Tuesday, January 11, 2011
After a Breakup: Some Perspective on Dealing with Endings
Twilight. It’s a time of transition. As late afternoon fades into evening, the vivid colors of day disappear, and the sun dips slowly into earth’s edge. In the dimness before nightfall it becomes increasingly harder to see. Likewise, a relationship ending is your own “heart sunset.” Goodbye day; goodbye love.
There are probably a million reasons why it went south. But whether you initiated the split or the other person did, you may be feeling sad, hurt, angry, disappointed or really confused. Some days you just want to sob with your two new best friends, Ben and Jerry (and their ridiculously good frozen treats).
To start, we need some perspective on endings and losses:
1) You’re not a loser. Sometimes we lose people or things we treasure. But it does not mean we are losers.
2) Endings are a part of life. In fact, much of life is about beginnings and endings, transitions and changes, losing and finding anew. You graduate and start a job. You leave a job or move, and start another over again. Loss and gain, good and bad, life and death are all part of life, and life has its cycles.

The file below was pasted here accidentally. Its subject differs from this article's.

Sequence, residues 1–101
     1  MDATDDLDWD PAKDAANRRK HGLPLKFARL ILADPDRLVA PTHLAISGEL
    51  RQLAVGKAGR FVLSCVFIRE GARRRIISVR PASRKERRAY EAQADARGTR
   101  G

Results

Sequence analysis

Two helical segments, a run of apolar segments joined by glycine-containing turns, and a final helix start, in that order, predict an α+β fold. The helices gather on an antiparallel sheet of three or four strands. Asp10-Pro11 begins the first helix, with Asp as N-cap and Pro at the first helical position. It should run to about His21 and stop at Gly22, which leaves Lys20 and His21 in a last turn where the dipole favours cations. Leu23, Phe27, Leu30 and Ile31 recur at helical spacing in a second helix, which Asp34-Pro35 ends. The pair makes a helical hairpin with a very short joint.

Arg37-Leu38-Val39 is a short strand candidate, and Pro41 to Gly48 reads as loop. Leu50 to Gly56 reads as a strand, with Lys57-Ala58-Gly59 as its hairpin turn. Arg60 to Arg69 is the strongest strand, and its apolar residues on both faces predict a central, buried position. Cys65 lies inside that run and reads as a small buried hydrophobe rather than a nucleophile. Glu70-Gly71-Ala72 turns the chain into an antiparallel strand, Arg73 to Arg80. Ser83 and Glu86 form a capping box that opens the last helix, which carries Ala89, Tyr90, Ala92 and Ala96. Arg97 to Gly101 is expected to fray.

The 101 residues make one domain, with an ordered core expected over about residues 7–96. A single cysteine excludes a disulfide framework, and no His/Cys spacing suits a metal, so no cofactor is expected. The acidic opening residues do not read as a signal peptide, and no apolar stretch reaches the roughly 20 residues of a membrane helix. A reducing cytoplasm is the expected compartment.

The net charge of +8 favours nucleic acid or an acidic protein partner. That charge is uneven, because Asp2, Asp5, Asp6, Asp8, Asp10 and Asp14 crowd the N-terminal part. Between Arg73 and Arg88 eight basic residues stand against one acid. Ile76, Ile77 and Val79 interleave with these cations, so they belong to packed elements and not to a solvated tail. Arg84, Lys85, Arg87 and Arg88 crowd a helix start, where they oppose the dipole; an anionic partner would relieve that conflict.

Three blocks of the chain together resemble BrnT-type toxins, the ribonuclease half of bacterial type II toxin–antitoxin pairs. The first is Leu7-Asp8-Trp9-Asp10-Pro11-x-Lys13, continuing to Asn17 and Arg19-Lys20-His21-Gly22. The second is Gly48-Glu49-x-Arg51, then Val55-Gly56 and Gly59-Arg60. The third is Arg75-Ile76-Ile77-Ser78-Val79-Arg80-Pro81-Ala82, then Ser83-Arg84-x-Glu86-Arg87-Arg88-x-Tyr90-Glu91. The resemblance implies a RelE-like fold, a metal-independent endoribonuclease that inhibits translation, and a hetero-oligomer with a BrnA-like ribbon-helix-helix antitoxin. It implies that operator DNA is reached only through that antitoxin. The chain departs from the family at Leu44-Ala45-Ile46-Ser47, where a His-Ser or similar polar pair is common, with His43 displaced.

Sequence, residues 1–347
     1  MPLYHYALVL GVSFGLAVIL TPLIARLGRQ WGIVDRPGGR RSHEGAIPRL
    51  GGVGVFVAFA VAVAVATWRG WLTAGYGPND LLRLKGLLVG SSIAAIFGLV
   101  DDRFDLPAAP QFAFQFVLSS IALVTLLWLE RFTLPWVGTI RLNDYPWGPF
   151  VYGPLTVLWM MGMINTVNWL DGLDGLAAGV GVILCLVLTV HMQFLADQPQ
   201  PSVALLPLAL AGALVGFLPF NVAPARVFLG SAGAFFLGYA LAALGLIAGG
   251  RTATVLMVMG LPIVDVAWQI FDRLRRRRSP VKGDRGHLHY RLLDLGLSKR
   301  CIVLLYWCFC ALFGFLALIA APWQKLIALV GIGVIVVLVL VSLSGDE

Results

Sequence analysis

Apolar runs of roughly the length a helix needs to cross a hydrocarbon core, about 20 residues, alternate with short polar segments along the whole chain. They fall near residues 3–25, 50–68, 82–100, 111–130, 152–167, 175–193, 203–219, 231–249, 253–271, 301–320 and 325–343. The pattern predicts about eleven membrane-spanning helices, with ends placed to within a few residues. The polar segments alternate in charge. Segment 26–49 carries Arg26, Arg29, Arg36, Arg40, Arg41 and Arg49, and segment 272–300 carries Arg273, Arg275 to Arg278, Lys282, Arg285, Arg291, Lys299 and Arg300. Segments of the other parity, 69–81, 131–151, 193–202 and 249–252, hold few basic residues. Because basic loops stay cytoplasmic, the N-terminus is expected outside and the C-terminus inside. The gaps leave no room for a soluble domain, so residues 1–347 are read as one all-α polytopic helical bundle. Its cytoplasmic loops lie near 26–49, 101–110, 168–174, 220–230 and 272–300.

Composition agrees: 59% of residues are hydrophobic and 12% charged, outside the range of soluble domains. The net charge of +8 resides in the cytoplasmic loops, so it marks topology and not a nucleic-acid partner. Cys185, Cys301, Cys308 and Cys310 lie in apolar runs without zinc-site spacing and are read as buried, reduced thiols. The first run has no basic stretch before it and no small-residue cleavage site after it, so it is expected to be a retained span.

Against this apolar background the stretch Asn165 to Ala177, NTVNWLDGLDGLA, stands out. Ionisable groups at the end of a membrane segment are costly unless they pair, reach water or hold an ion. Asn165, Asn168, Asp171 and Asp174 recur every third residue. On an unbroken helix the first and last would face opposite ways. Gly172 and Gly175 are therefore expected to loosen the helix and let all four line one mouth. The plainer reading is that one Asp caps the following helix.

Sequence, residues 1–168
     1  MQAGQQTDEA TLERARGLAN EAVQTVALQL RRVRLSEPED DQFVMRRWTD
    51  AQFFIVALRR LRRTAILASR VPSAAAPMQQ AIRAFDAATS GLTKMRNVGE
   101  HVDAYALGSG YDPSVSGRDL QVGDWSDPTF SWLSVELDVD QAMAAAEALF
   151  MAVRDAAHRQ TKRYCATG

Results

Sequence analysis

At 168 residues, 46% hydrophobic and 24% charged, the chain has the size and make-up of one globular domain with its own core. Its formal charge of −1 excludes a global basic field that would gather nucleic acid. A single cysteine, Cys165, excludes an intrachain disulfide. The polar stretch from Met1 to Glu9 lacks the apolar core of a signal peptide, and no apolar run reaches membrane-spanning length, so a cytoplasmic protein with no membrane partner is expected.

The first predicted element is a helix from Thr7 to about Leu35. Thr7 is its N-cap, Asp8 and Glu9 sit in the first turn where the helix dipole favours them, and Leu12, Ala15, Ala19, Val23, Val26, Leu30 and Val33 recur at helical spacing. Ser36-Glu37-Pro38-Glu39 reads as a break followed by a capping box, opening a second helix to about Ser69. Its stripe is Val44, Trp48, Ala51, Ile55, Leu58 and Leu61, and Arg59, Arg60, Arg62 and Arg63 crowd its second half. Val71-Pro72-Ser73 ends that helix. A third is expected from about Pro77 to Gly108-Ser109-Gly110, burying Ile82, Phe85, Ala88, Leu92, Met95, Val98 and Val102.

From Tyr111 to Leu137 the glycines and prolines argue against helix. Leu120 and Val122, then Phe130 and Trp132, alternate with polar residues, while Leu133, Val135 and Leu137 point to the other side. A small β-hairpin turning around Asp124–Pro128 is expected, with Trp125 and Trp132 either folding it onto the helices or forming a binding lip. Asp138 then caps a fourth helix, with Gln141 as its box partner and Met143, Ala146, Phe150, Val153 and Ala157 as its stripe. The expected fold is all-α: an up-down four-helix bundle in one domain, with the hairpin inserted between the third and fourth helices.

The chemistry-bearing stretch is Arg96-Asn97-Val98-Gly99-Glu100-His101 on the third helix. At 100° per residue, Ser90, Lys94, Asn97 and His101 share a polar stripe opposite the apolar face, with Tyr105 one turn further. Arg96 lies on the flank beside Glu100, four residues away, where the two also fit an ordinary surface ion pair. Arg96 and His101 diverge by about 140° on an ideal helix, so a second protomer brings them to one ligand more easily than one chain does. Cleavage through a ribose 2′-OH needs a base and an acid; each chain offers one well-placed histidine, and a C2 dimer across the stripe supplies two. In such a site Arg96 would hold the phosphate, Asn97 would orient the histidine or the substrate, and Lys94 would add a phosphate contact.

3) Some endings are necessary. For example, if you were dating someone who treated you poorly, it’s your gain not your loss that he’s no longer in your life. Someone who is rude, obnoxious, or insulting is not a good choice of someone to bond with, much less spend the rest of your life.
4) Big picture. Often we only see things from our own point of view, but God sees the big picture of our lives; the past, present and future, and He knows what is best for each of us.
5) Change will come. You will not stay in this ending phase of life forever; a new beginning will come. You may not know when or how, but it will. Just like the springtime comes every year, even after the hardest of winters.
6) “It’s not always what happens to you, it’s how you respond to it that makes a difference.” So says author Chuck Swindoll. I believe him. You can choose to ignore your pain, numb out, try to forget about it, or do nothing. Or, in the midst of your pain and darkness, you can look to the light of God’s truth for hope, healing and wholeness. Either way, it’s your choice.
How you handle endings, or don’t, will determine how you move forward. Not sure how to do so? Keep reading and each week the blog posts will provide more information. You’re on your way to heart healing!
Jackie M. Johnson is an author and freelance writer in Colorado. Her hope-filled and encouraging books include "Power Prayers for Women," "When Love Ends and the Ice Cream Carton Is Empty" and "Powerful Prayers for Challenging Times." Jackie also writes the Living Single blog on Dr. James Dobson's Family Talk website.